While it is clear that firms focusing only on regulatory capital or economic capital will find managing both risk and performance challenging, it has been less clear how to formalize a decision-making variable that incorporates both regulatory and economic considerations.

Financial institutions face a fundamental question of how to choose a combination of investments that maximizes value for stakeholders. Models such as the capital asset pricing model are typically used to describe investment choices for individuals, but can also be used to describe a firm's optimal choice of investments. In fact, economic decision-making rules such as return on risk-adjusted capital and economic value added can be derived using these same frameworks.

When introducing regulatory capital requirements, the organization now faces potential limits on their ability to borrow. This requirement does not change stakeholder preferences in that they still care about the economic risks related to factors such as concentration and diversification. Said another way, regulatory capital reflects an external constraint that is placed by the regulator and does not reflect the risk preferences held by stakeholders.  Thus, the regulatory capital requirement enters into the original investment decision problem as a constraint on leverage.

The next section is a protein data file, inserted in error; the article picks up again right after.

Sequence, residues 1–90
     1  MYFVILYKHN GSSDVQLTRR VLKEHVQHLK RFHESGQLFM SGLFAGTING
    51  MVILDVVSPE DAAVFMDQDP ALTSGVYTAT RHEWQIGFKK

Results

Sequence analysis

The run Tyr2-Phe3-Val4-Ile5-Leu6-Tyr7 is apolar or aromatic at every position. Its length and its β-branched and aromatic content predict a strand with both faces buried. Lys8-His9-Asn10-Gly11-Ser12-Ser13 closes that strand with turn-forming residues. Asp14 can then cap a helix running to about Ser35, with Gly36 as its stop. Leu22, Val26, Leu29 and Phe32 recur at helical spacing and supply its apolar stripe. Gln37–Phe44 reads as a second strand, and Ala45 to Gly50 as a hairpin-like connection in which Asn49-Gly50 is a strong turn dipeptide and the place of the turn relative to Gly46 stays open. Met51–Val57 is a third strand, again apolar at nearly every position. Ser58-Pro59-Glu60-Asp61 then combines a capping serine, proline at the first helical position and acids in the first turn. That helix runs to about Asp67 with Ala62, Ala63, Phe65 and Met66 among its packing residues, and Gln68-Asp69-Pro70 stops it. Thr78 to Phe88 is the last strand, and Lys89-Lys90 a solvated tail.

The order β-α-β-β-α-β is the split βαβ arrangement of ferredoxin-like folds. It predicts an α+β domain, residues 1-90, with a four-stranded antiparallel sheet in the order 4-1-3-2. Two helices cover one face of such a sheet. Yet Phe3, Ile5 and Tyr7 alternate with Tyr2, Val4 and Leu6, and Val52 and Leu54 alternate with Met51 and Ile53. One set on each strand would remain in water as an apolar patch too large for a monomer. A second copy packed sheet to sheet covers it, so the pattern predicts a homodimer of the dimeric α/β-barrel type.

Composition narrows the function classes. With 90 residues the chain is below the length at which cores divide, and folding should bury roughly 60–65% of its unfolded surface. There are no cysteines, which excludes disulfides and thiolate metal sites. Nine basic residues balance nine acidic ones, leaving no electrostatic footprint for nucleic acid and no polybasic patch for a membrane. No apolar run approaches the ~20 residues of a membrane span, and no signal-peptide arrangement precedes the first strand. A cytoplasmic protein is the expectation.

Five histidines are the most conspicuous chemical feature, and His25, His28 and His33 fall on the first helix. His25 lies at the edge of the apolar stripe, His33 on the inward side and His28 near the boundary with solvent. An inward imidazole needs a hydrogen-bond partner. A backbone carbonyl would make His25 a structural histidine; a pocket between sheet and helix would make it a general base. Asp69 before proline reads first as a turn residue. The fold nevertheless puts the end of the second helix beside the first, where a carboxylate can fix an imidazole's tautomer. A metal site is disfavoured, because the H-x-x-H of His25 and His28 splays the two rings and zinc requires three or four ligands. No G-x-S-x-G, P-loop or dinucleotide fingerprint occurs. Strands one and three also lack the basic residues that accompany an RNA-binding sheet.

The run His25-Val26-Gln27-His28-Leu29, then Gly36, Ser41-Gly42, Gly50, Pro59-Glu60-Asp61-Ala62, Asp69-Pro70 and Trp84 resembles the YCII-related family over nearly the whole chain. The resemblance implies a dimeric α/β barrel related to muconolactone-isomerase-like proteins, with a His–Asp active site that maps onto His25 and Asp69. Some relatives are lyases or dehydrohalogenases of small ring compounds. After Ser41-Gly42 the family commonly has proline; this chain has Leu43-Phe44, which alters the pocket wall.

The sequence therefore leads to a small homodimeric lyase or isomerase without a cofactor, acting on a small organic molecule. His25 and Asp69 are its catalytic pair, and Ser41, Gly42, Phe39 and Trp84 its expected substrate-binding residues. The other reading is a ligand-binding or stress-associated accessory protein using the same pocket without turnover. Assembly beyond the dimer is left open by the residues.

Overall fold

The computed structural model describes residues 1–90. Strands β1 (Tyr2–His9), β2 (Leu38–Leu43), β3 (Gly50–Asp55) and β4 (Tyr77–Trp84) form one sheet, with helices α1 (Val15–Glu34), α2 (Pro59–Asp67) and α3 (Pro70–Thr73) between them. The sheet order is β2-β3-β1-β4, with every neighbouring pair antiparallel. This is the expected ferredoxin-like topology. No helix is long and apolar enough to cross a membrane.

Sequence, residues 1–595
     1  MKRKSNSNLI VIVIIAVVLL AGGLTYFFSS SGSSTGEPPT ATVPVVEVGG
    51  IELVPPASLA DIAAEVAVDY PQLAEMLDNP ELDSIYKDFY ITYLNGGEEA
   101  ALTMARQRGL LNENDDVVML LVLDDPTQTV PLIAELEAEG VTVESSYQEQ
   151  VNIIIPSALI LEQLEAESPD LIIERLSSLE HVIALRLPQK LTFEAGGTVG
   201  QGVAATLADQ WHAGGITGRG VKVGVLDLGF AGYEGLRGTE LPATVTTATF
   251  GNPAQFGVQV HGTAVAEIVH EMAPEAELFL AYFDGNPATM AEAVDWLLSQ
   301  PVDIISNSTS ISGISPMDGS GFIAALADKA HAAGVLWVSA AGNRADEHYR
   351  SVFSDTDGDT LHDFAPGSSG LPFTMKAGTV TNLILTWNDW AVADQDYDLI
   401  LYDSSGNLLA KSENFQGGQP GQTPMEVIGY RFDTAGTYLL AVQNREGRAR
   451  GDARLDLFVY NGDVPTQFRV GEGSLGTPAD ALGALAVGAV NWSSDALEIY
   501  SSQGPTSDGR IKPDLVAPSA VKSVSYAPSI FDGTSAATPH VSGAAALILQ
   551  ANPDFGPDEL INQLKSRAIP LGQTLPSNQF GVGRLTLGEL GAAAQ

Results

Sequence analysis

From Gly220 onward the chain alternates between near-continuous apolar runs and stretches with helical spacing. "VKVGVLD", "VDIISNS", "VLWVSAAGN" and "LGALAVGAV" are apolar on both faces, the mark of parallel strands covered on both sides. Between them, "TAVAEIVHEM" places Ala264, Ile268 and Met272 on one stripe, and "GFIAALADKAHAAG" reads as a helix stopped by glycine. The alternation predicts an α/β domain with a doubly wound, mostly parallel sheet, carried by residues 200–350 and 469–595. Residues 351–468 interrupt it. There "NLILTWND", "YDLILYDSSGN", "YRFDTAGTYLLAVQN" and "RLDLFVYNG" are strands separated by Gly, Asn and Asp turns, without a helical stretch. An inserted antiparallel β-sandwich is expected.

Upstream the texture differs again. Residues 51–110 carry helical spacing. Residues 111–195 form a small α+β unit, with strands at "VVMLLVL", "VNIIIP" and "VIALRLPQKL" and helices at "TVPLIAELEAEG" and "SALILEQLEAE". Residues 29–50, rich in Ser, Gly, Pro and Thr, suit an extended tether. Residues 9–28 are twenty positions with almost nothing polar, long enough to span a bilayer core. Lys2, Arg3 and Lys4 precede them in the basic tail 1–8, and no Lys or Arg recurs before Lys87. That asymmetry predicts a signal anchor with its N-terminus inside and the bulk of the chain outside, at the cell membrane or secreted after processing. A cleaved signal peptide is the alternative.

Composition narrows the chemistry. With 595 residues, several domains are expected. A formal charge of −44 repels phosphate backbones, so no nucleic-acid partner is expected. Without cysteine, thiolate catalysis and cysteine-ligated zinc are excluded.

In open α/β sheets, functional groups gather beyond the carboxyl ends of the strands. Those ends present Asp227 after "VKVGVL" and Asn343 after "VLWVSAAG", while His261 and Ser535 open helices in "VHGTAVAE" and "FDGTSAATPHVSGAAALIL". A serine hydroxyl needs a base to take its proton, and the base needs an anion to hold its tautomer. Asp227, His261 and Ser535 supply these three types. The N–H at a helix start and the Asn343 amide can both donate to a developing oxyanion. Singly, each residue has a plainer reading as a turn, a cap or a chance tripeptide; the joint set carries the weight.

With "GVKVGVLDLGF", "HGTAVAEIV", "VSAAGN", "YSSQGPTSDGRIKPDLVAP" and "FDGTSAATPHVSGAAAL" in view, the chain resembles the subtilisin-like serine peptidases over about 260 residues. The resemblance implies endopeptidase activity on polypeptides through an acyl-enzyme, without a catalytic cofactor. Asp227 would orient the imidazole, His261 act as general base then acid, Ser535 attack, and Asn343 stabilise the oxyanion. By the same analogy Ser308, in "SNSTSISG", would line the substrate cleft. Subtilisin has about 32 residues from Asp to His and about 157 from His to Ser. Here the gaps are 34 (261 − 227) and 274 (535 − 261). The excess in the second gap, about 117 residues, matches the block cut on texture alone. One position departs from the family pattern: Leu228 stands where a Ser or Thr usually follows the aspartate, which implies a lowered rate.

The constrained optimization problem leads to unified regulatory capital/economic capital decision variables that have similarities with their traditional counterparts. The difference is that accounting for regulatory capital results in an effective regulatory capital cost or tax, which decreases the return on the investment.

The unified regulatory capital and economic capital measures are intuitive and have the following appealing properties:

  • They account for the economic risks coming from concentration and correlation effects. An asset's risk measure will be higher if, all else being equal, it is more correlated with the portfolio or if it is more likely to be in distress.
  • They account for cross-sectional variation in regulatory charges. Investments with higher regulatory risk weights are less attractive, all else being equal.